Kim Kardashian’s Psoriasis

Kim Kardashian's Psoriasis

What the reality star’s diagnosis means, and how to manage this chronic skin condition.

She’s famous for her curves, but lately everyone’s talking about her skin. If you’re keeping up with the Kardashians, you know that Kim has psoriasis. What she thought was a rash turned out to be the chronic skin condition, which often shows up as thick, red skin with flaky, silver-white patches. Not only can the lesions be unsightly, they can also be itchy and painful, too. The reality TV star’s diagnosis has put a spotlight on the disorder, which affects millions of Americans.

Good to Know

Psoriasis is not contagious, but in many cases, there is a family history of the condition. It occurs when the immune system sends out faulty signals that speed up the growth of skin cells. The result: Dead skin cells build up on the skin’s surface.

Research shows that people with psoriasis are at increased risk of developing heart disease and stroke. Psoriasis has also been associated with diabetes and depression. Between 10 and 30 percent of people who get psoriasis also get psoriatic arthritis. This type of arthritis can eat away at joints, so treatment is essential.

While there’s no cure for the lifelong condition, there are several treatment options. There are topical medications, such as lotions, ointments and creams. Doctors may also prescribe pills or injections that affect the whole body (not just the skin). The third type of treatment is phototherapy, which uses light to treat the affected area.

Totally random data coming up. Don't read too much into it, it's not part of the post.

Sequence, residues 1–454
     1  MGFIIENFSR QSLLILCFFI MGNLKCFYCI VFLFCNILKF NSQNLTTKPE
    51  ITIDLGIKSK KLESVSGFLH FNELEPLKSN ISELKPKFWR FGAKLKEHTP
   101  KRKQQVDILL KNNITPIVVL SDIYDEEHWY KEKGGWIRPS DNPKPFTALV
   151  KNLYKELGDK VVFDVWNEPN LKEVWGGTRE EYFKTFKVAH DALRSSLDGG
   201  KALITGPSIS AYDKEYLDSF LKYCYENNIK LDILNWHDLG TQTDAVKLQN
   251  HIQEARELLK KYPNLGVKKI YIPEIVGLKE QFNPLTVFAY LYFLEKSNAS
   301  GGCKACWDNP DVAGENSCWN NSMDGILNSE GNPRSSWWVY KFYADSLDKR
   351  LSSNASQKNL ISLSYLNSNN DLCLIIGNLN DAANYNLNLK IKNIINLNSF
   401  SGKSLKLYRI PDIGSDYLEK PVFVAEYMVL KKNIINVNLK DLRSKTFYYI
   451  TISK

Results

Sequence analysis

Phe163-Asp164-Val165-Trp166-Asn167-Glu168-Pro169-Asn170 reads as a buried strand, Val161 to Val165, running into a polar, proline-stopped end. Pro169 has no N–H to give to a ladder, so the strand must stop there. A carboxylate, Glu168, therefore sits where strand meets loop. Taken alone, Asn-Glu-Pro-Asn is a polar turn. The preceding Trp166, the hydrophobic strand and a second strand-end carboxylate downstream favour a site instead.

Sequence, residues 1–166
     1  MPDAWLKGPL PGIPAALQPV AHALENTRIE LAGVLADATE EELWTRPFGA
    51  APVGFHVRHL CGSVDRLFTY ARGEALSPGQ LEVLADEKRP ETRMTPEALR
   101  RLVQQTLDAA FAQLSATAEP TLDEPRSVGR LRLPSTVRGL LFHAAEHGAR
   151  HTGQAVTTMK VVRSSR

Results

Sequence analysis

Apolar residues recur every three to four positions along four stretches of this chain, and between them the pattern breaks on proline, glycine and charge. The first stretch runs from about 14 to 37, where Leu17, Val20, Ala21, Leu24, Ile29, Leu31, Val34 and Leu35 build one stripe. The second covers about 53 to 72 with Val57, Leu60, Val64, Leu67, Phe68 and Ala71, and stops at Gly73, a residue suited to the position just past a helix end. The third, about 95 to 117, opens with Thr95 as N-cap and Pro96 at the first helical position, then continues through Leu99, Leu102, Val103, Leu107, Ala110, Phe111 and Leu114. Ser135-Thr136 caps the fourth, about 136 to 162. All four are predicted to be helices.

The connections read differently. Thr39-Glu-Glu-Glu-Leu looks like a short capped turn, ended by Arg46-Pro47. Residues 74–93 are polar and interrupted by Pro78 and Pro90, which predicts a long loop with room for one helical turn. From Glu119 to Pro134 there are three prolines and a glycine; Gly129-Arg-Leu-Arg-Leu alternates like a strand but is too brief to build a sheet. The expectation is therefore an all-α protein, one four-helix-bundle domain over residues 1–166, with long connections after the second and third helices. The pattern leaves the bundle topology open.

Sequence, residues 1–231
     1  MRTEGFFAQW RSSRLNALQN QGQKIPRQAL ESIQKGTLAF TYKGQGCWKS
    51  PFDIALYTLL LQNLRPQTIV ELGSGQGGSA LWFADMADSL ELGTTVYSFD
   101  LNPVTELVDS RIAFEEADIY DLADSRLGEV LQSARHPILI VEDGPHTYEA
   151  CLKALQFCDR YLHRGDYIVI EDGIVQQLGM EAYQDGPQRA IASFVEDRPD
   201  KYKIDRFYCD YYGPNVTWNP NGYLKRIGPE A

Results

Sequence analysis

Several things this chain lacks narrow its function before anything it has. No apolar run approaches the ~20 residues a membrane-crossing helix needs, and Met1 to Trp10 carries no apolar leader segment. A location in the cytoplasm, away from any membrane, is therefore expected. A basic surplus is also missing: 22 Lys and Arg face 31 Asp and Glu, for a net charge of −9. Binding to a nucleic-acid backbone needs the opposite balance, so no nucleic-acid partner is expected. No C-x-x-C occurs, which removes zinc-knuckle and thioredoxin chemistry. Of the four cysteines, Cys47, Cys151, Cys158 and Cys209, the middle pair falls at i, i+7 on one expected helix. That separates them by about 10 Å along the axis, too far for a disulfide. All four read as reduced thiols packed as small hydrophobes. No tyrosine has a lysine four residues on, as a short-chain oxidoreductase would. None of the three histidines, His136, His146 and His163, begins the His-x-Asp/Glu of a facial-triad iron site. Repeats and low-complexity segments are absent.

If you’re diagnosed with psoriasis, it’s important to know what causes flare-ups. While triggers may vary, there are steps you can take to help manage the condition and make treatment more effective.

Managing Psoriasis

  1. Get in Touch with Your Triggers
    These can include:
    • Stress
    • Bacterial or viral infections, including strep throat and upper respiratory infections
    • Dry air or dry skin
    • Medications, such as beta-blockers and lithium; always talk with your doctor before making any changes in your medication
    • Skin injuries, including cuts, burns and insect bites
    • Sunburn
  2. Don’t Stress Out
    Some people with psoriasis say their condition gets worse when they are under stress. It’s best to avoid stressful situations when you can, but since that isn’t always possible, it may be helpful to experiment with relaxation, meditation and other calming techniques to deal with the pressure.
  3. Limit Liquor
    Heavy drinking may be a factor in severe psoriasis. Alcohol can also have very serious side effects when mixed with some psoriasis medications, so it’s best to discuss alcohol use when you talk about psoriasis with your doctor.
  4. Stop Smoking
    Quitting the habit may also make a difference. Research shows that those who smoke may have a greater risk of developing psoriasis. In addition, studies have found that smokers with psoriasis may be more likely to experience more severe symptoms.
  5. Soothe Your Skin
    It’s important to practice good skin care, and part of that is keeping the skin moist. After bathing or showering, it’s a good idea to seal in moisture by applying a generous amount of moisturizing cream or oil. Take extra care in winter months because the cool, dry air can be especially harsh on skin. Scratching is also a no-no because it damages the skin, which can make psoriasis worse. If you think you might have psoriasis, consult your doctor or dermatologist.
Scroll to Top